After a blissful hour's flight, peppered with my shortfire questions to the very patient Neil, we landed at Cessnock for fuel. Although the aerodrome was as busy as a fly-in day (who says General Aviation is dead?) we didn't have to worry about joining circuits at 1000ft. Helicopters have their own circuit height, and as we were the only one there, it was straight down onto the grass for us. As Neil shut down, I offered to go and fetch coffee. Upon my return, I spied a fabulous old Bonanza (which the owner wouldn't sell, alas) as well as SkyThrills pilots Jodie and Jeremy, in their Decathlon and newly acquired Nanchang.

After refuelling, with both coffee and Avgas, we departed and headed coastal for the most scenic and stunning part of the trip. Neil resides on Lake Macquarie - an area I've visited by road, but is most certainly best seen by air. As we did a touch-and-go on his front lawn (which was really no bigger than a handkerchief!) I realised this amazing area, with houses perched on the side of the lake, is something of a residential secret (until now!) You really wouldn't know it was here, in all its hidden magnificence, unless you were looking for it.

As we continued coastal at 500 ft, we spotted a whale. I sighed in perfect contentment, and started mentally selling my shoes and frocks to save up for chopper lessons. Neil, however, had saved the piece de resistance for last. "How'd you fancy a harbour scenic?" he asked. Nodding furiously, he took my 'yes' and went on to say, "this will be quite different from a fixed wing scenic."

It turns out, to my utter astonishment, that choppers don't need clearance into the harbour. Not only THAT, they get to fly at 500ft, just skimming the harbour bridge AND are allowed west of the bridge, down the Parramatta river all the way to Bankstown. I don't know what kind of special place helicopter pilots have in the 'can do' drawer at CASA, but this was beyond amazing. No wonder Sydney chopper pilots look so damn smug!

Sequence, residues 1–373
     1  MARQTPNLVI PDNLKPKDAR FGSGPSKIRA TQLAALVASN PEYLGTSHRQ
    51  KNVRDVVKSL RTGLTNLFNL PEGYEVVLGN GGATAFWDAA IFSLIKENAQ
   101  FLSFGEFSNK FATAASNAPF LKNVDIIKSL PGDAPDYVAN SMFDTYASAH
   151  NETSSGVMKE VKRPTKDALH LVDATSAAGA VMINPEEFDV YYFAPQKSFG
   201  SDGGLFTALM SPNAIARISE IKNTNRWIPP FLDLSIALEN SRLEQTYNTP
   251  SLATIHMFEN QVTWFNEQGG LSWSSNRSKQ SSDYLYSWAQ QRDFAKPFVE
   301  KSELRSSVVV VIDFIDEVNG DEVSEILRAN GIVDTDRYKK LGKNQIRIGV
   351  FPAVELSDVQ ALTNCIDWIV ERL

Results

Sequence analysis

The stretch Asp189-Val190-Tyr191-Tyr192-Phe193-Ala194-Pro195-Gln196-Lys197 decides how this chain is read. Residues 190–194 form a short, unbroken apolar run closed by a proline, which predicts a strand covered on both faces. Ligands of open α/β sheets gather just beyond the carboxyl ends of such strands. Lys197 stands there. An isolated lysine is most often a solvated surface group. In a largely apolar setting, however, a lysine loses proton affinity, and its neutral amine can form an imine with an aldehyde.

Our landing at Bankstown was an eye-opener, too, with the chopper circuit being quite busy. "Choppers West" and other inbound points I'd heard on the radio, but never really acknowledged, became a reality as we headed for 'the main pad'. After the pad, we danced over to Andrew's hangar, where he and his son came out to gush over the R44. As I alighted the fabulous machine, I felt like a movie-star, giddy with excitement, privileged in experiencing something only a very few are allowed. 

Once again, I reminded myself that while I may not have fallen into the most well-paid profession in the world, I get to fly in (and on) the most amazing machines in the world and am lucky to meet the most fabulous people.

And, this time, when asked if I enjoyed the flight, I didn't answer, "oh my! The EARTH moved!"
Which is progress.


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  2. You'll have done your Rotary Conversion by the time you take us on the harbour Scenic in Feb ... won't you!!?? ;-)